The Santa Cruz trek

After visiting the vast Chimu ruins at Chan Chan (where we were constantly asked to have our picture taken with locals) we took a nightbus to Huaraz.

Jack at Chan Chan

I have never been much of a trekker but once we got to Huaraz, doing a four-day, three-night 45 km hike (and for only US$120) seemed like the obvious option. We had planned to spend a few days acclimatising to the altitude in the town but as it was much scrappier than we expected we signed up for a trek on our first day. This was our itinerary:

Day 1

After a 5.30am wake-up we met our group for breakfast:

  • Canadian couple and their friend: Kate, Lorne and Wendy
  • French sisters: Maude and Coralie
  • Israeli couple: Anni and Michelle
  • Lone American: Rose
  • Peruvian guide: Abel
  • Plus the cook and donkey driver (an important man as the food, camping equipment and all our stuff was carried by the donkeys)

We then drove for several hours passing breathtaking scenery of turquoise glacial lakes, emerald-green hillsides and snow-capped mountains and climbing higher and higher along switchbacks to the village of Vaqueri where the trek started.

View of the valley from the road up
Hardcore trekkers carrying all their gear for four days

We set off down into the valley and went past small villages where children asked for sweets. Abel (the guide) kept stopping us to rest but no-one was tired yet and after we questioned him he admitted that he was slowing us down as the donkeys, cook and driver had not passed as yet (normally they get to camp first to set up your tents and prepare the dinner).

Dinner in the tent

We arrived at our camp in a river valley after about five hours of walking and were soon treated to delicious soup, chicken, rice and tinned peaches, all prepared in a tent. Jack had a bad headache from the altitude so we retired to our tent and were asleep by 8pm.

Day 2

Today was supposed to be the hardest day as we reached the highest pass on the hike. We started off with a decent breakfast of frankfurters and scrambled eggs and then began to climb fairly solidly for about five hours. I found it hard but Jack really struggled with the lack of air and had to stop for breath every few steps. We were the slowest but finally made it to the Punta Union pass at 4,750 m.

Our group at the top (with us sporting local knitwear)

There should have been an amazing view of the surrounding mountain range at this altitude but it was a cloudy day so it was shrouded in mist. After a packed lunch we headed two hours downhill to camp (but were warned not to descend too fast as that can be dangerous at this height). On the way we passed another amazing glacial lake at the foot of a snowy mountain.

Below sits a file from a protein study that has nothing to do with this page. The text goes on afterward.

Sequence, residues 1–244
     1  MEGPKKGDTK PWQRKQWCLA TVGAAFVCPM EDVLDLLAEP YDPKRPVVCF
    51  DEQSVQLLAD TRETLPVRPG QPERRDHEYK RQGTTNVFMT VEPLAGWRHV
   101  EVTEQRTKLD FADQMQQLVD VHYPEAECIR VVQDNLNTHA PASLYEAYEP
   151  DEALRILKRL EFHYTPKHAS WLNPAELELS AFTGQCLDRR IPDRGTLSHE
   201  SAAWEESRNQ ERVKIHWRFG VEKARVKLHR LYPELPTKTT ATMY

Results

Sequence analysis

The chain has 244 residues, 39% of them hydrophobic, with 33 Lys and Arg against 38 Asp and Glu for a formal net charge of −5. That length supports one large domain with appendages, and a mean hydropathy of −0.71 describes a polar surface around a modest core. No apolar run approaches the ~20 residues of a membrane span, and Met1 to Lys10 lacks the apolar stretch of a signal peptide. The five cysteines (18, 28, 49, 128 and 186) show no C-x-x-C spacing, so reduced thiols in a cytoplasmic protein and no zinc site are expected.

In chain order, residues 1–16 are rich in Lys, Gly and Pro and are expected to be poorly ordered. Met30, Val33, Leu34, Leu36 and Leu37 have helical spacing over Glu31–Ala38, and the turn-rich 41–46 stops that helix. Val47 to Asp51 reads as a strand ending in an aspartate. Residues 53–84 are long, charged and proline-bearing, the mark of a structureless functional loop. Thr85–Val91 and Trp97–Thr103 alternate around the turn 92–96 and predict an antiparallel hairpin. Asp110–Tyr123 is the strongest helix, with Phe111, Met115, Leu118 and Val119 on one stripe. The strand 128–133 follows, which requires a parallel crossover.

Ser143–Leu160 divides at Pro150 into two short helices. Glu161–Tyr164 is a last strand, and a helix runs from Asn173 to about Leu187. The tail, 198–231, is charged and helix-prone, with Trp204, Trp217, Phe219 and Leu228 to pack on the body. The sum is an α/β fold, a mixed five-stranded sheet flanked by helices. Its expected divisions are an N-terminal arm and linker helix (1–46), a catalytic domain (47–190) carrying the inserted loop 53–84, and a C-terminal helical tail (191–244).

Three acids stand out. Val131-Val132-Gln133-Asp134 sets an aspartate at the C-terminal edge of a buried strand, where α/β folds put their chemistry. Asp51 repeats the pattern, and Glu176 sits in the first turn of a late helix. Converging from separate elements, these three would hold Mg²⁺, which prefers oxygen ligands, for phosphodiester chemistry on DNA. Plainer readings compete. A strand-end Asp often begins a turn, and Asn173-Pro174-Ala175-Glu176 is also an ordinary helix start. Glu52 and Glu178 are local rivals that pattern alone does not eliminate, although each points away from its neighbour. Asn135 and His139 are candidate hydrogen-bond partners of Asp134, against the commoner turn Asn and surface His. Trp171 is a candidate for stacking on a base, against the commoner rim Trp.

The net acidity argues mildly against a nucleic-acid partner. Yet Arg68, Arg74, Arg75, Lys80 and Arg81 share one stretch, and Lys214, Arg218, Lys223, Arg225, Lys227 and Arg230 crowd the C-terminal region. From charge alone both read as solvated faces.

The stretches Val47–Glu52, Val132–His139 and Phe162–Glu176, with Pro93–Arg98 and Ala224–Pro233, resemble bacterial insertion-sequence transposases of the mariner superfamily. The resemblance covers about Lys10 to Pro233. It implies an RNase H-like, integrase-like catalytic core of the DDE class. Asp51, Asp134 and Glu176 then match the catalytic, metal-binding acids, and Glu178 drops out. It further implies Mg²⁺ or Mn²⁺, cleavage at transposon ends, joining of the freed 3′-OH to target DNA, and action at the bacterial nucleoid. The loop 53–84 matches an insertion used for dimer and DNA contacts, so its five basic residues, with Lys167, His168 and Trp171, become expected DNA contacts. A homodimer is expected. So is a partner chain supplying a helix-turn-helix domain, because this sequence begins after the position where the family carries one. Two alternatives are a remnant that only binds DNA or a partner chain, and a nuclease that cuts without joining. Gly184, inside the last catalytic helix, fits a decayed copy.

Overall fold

After another lovely dinner we headed to an early bed but were kept awake by the strong winds which were so powerful that they blew the toilet tent down and freezing temperature even though we slept in all our clothes.

Day 3

We woke-up for sunrise over the surrounding mountains, expecting it to be overcast after last night’s storm, but it was clear blue sky and we watched in awe as the rising sun changed the colour of the snow on the mountain tops from orange to yellow to white.

Sunlight on the mountains around camp
An improvement

The previous night Abel had given us the chance to do an additional 12km walk to a beautiful lake but the group had been divided. However, with today’s weather looking good we all decided to do it and it turned out to be the highlight of the four days. It was an amazingly azure lake surrounded by mountains and at one end a glacier fed directly into it. We spent several hours walking around it and viewing it from all angles.

Lake and glacier

After lunch we continued on to camp passing another stunning lake where Abel suggested we could swim. Jack said he was not going in as it would be freezing but after the Canadians went for a dip, the guide made the (fatal) mistake of saying to him that he would go in if Jack did. Never one to duck a (stupid) challenge, Jack stripped off and jumped in, much to Abel’s surprise as I think he was bluffing.

Jack freezing

After 12 hours of walking we finally reached camp where tea and biscuits were ready.

Day 4

Today we had a ‘lie-in’ until 8am so were able to appreciate our final campsite which was the picturesque as our tent was located on a separate island surrounded by streams – when we unzipped our door there was fresh running water right outside.

View from the tent

We followed the river through the valley to the village of Cashapampa for about four hours where we met other groups just starting the trek in the other direction. The minibus took as back to Huaraz passed more gorgeous scenery and then we went for a burger to celebrate being back in civilisation.

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